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Lung cancer mortality statistics

Mortality statistics for lung cancer by country in the UK, age and trends over time are presented here. There are also data by geography and socio-economic variation. The ICD codes for lung cancer are ICD-10 C33-C34.

The latest mortality statistics available for lung cancer in the UK are 2011. Find out why these are the latest statistics available.

By country in the UK

Lung cancer has an enormous impact on national mortality and currently accounts for 6% of all deaths (including non-cancer deaths) in the UK. There are over twice as many deaths from lung cancer as the next ranked cancer, bowel cancer.

Lung cancer is the most common cause of cancer death in the UK (2011), accounting for more than 22% of all deaths from cancer. Lung cancer is the most common cause of cancer death among men in the UK (2011), accounting for 23% of all male deaths from cancer.1-3 Lung cancer is also the most common cause of cancer death in women in the UK (2011), accounting for 21% of all female cancer deaths. 

In 2011, there were 35,184 deaths from lung cancer in the UK (Table 2.1): 19,596 (56%) in men and 15,588 (44%) in women, giving a male:female ratio of around 13:10.1-3 The crude mortality rate shows that there are 63 lung cancer deaths for every 100,000 males in the UK, and 48 for every 100,000 females.

The European age-standardised mortality rates (AS rates) are significantly higher in Scotland compared with the other constituent countries of the UK (Table 2.1).1-3 The rate in England is also significantly lower than in Wales and Northern Ireland for males only.4

Table 2.1: Lung Cancer (C33-C34), Number of Deaths, Crude and European Age-Standardised (AS) Mortality Rates per 100,000 Population, UK, 2011

England Wales Scotland Northern Ireland UK
Male Deaths 15,707 1,132 2,200 557 19,596
Crude Rate 60.1 75.2 86.3 62.6 63.1
AS Rate 45.3 50.1 64.0 54.3 47.4
AS Rate - 95% LCL 44.6 47.2 61.3 49.8 46.7
AS Rate - 95% UCL 46.0 53.1 66.7 58.9 48.0
Female Deaths 12,459 796 1,978 355 15,588
Crude Rate 46.2 51.0 73.1 38.4 48.5
AS Rate 29.8 30.2 45.2 28.3 31.1
AS Rate - 95% LCL 29.2 28.1 43.2 25.4 30.6
AS Rate - 95% UCL 30.3 32.3 47.2 31.3 31.6
Persons Deaths 28,166 1,928 4,178 912 35,184
Crude Rate 53.0 62.9 79.5 50.3 55.6
AS Rate 36.6 38.9 53.1 39.7 38.2
AS Rate - 95% LCL 36.2 37.2 51.5 37.1 37.8
AS Rate - 95% UCL 37.0 40.7 54.8 42.3 38.6

Download this table XLS (34KB) PPT (168KB) PDF (223KB)

95% LCL and 95% UCL are the 95% lower and upper confidence limits around the AS rate

section reviewed 03/01/14
section updated 03/01/14

 

By age

Lung cancer mortality is strongly related to age, with the highest mortality rates being in older men and women. In the UK between 2009 and 2011, an average of 47% of lung cancer deaths were in men and women aged 75 years and over, and almost nine in ten (89%) were in people aged 60 and over (Figure 2.1).1-3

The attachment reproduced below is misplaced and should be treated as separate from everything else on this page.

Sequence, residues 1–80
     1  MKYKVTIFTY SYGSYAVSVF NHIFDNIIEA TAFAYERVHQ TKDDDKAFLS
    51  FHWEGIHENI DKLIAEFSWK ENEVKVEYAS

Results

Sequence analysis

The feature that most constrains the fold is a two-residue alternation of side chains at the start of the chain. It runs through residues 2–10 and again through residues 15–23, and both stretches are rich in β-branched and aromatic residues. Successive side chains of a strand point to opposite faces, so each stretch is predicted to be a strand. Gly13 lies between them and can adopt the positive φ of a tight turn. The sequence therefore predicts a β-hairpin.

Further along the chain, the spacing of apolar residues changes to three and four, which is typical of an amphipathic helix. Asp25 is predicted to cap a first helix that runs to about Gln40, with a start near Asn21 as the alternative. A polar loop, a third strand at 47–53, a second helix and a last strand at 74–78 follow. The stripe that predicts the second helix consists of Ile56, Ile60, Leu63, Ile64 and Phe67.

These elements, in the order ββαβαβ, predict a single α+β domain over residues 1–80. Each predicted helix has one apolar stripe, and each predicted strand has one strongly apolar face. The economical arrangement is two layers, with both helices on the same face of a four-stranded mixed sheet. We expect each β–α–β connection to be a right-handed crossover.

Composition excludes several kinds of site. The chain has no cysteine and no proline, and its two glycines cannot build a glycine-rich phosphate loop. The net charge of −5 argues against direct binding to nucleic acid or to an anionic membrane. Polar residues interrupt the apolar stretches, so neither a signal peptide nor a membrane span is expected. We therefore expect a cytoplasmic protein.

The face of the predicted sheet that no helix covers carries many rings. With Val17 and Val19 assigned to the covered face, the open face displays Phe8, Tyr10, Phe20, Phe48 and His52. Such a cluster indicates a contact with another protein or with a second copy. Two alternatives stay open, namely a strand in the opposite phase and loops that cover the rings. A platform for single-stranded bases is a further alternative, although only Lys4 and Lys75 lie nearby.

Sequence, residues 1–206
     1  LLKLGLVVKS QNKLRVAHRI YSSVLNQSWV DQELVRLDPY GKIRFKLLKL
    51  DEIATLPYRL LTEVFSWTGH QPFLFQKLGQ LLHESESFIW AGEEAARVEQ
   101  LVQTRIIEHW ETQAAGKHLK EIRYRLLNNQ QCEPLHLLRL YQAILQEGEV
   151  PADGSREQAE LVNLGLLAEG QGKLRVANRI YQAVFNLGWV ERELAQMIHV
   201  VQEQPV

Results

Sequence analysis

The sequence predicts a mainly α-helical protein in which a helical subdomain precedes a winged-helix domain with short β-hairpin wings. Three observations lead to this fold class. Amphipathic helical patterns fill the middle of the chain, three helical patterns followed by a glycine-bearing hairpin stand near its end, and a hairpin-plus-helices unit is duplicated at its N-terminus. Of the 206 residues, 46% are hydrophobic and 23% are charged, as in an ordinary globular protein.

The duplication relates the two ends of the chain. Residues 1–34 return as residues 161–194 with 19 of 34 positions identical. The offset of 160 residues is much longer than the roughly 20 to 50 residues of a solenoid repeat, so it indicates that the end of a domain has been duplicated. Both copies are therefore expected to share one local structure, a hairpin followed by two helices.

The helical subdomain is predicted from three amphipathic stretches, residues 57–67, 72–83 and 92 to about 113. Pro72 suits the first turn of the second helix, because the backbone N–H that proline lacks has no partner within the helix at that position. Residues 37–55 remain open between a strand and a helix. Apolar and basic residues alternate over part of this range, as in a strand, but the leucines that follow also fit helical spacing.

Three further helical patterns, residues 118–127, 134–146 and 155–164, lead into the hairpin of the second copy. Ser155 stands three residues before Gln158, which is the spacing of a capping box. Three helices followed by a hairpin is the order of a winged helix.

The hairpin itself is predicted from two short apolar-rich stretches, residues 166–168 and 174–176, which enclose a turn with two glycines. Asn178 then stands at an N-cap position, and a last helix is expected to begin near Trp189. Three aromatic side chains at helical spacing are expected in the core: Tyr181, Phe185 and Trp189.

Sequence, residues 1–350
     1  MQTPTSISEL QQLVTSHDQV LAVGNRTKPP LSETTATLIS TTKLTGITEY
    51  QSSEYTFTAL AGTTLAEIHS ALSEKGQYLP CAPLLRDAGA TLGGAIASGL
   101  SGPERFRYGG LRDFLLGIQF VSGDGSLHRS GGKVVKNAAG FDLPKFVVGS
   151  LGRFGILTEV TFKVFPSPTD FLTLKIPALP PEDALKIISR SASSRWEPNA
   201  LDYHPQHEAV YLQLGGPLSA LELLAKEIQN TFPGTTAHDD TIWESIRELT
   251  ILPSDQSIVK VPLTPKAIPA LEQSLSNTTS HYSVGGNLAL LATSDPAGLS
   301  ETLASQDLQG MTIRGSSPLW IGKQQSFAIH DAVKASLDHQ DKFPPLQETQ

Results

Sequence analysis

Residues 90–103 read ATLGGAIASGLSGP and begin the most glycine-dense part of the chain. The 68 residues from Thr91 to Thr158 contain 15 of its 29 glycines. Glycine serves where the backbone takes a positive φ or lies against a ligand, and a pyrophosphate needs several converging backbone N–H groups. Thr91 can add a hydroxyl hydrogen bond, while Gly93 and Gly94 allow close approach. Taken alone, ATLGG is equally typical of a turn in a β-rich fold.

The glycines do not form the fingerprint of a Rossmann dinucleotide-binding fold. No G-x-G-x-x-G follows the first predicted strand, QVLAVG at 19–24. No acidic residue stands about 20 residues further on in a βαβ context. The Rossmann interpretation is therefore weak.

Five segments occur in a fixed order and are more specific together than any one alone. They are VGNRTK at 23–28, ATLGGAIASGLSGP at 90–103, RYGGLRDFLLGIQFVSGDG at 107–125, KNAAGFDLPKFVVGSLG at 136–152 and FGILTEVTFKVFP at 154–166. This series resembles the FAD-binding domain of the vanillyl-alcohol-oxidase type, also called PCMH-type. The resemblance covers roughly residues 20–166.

Age-specific mortality rates rise sharply from around age 45, with the highest rates in the 85+ age group in men and at age 80-84 years in women. Mortality rates are generally similar between males and females until age 50-54, after which time rates are higher for males than females and this gap is widest in the 85+ age group, when the male:female mortality ratio of age-specific rates (to account for the different proportions of males to females in each age group) is 22:10 (Figure 2.1).1-3

Figure 2.1: Lung Cancer (C33-C34) Average Number of Deaths per Year and Age-Specific Mortality Rates, UK, 2009-2011

deaths_crude_lung.swf

Download this chart XLS (59KB) PPT (139KB) PDF (310KB)

section reviewed 03/01/14
section updated 03/01/14

 

Trends over time

Lung cancer mortality rates have decreased overall for males and increased overall for females in the UK since the early 1970s (Figure 2.2).1-3 For men, European AS mortality rates decreased by 55% between 1971-1973 and 2009-2011. For women, mortality rates increased by 63% between 1971-1973 and 2009-2011; however, most of this rise occurred between the early 1970s and late 1980s, with rates increasing by 60% between 1971-1973 and 1988-1990. Over the last decade (between 2000-2002 and 2009-2011), the European AS mortality rates have decreased by 18% in males and increased by 5% in females.

Figure 2.2: Lung Cancer (C33-C34), European Age-Standardised Mortality Rates, UK, 1971-2011

mort_asr_uk_lung.swf

Download this chart XLS (54KB) PPT (131KB) PDF (45KB)

The different patterns of lung cancer death rates in men and women reflect past smoking behaviour: smoking prevalence peaked earlier in men than women in Great Britain, and accordingly the highest lung cancer mortality ratios are observed in men born around the turn of the century and in women born in the 1920s (Figure 2.3).8